Saturday, December 23, 2006

Taking a moment to catch my breath

With all of the chaos in my life lately, I feel like I haven't sat down for a moment just to breath. It's 10:28 on December 23, though, and I'm finally feeling like maybe I'm going to get it all done. Maybe!

All of the Christmas shopping is done, and all but a couple of gifts are wrapped. The groceries for Christmas are purchased (including an absolutely huge prime rib that has become the family favorite for Christmas dinner), and the menu is planned. The house has been decorated for a while, and it's pretty clean (except the floors, but with a dog, a cat, and a child, it's hopeless to keep them clean so we'll do the big scrub an hour before people arrive on Monday). The cranberry nut loaf that I make every year is a bit different this year due to a cranberry shortage (what the heck?! we called a dozen grocery stores, everyone was sold out) so it's raspberry nut bread, but in any case most of them are done and a few are in the oven as I speak. Tessa made gifts for family members, and they are complete.

Now, we're moving into the phase where it's time to relax. It's not a moment too soon, because much more of this running around and I would have completely lost my mind! It's been hard to get into the spirit this year with my fears and back pain, but I'm taking periodic pain killers for my back (no idea what it is, but it can wait) and the fears have been set aside for the moment.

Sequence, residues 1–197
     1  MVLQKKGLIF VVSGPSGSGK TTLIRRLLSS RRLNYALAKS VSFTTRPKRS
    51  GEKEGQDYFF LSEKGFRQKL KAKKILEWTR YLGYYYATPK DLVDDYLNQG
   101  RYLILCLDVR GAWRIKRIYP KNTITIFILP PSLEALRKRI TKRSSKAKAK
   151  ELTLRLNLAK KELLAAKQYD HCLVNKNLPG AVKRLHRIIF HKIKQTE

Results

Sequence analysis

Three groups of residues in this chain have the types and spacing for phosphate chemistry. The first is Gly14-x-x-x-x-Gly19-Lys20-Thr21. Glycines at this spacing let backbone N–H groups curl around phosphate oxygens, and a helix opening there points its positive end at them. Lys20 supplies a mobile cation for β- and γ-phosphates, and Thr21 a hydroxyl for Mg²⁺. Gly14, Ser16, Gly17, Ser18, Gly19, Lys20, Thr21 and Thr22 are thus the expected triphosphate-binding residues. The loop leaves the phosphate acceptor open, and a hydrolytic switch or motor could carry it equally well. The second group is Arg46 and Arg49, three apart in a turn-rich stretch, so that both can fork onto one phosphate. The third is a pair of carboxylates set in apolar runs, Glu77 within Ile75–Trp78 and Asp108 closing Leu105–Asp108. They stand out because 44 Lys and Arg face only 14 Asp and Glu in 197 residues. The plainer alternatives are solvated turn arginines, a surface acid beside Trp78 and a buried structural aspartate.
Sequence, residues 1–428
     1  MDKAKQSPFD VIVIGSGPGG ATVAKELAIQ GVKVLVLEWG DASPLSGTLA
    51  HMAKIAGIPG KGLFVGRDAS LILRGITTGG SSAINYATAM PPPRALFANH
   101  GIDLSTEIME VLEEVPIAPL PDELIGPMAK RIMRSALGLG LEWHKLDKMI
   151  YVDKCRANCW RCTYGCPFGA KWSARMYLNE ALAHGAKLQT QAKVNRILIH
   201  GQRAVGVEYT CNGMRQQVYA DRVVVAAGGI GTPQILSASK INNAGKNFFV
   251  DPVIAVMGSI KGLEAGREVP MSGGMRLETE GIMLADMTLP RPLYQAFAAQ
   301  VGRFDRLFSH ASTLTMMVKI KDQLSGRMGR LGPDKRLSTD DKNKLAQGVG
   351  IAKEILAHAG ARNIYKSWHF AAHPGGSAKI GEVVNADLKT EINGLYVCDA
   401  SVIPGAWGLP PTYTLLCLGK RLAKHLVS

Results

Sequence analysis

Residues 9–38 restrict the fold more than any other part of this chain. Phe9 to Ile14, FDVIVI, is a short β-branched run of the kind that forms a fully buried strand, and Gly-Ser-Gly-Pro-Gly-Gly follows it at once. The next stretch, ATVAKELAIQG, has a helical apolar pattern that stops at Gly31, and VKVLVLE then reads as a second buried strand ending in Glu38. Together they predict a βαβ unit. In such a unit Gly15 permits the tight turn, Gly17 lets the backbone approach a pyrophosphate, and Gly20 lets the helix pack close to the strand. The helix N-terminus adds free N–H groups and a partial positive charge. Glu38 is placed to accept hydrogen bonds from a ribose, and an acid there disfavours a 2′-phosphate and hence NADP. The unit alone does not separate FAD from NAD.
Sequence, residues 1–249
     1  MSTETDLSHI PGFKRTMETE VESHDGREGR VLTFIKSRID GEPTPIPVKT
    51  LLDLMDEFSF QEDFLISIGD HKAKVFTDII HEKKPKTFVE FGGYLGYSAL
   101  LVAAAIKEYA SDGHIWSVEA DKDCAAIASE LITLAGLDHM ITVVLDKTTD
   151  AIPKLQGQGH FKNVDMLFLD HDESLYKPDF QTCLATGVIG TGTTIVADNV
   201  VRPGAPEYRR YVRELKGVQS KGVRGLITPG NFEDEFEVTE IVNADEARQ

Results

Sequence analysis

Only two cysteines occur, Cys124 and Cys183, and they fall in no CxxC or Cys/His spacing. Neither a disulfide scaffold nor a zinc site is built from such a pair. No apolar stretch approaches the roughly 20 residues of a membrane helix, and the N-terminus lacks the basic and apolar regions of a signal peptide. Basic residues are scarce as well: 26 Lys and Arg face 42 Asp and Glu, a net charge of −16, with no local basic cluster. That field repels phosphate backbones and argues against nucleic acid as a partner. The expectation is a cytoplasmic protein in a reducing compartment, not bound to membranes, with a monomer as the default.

Tessa is delighted with all this Santa business, and who can blame her? Her child's delight is so wonderful, and genuine, that it helps to bring me out of my grinchy-ness.

Tomorrow we will be with extended family on the Dahl side, with a visit (we hope) from the Surface7. It's a big potluck feast, and it will be wonderful to just hang with everyone and catch up. The young cousins - Tessa, Caleb, Joshua, and Gavin - will run around and play, and the parents will get a chance to sit back and just watch them. We might even go for a swim at my parents''s all very low key, and I can't wait.

Christmas Day will be at our house. In the morning, it will be just the three of us, hanging out in our pajamas and opening gifts slowly. Around noon I'll start prepping the roast - there are 13-14 of us for dinner, and I hope to have a sit down affair with all the china and a crisp white tablecloth and candles. Good food, family, friends, should be wonderful.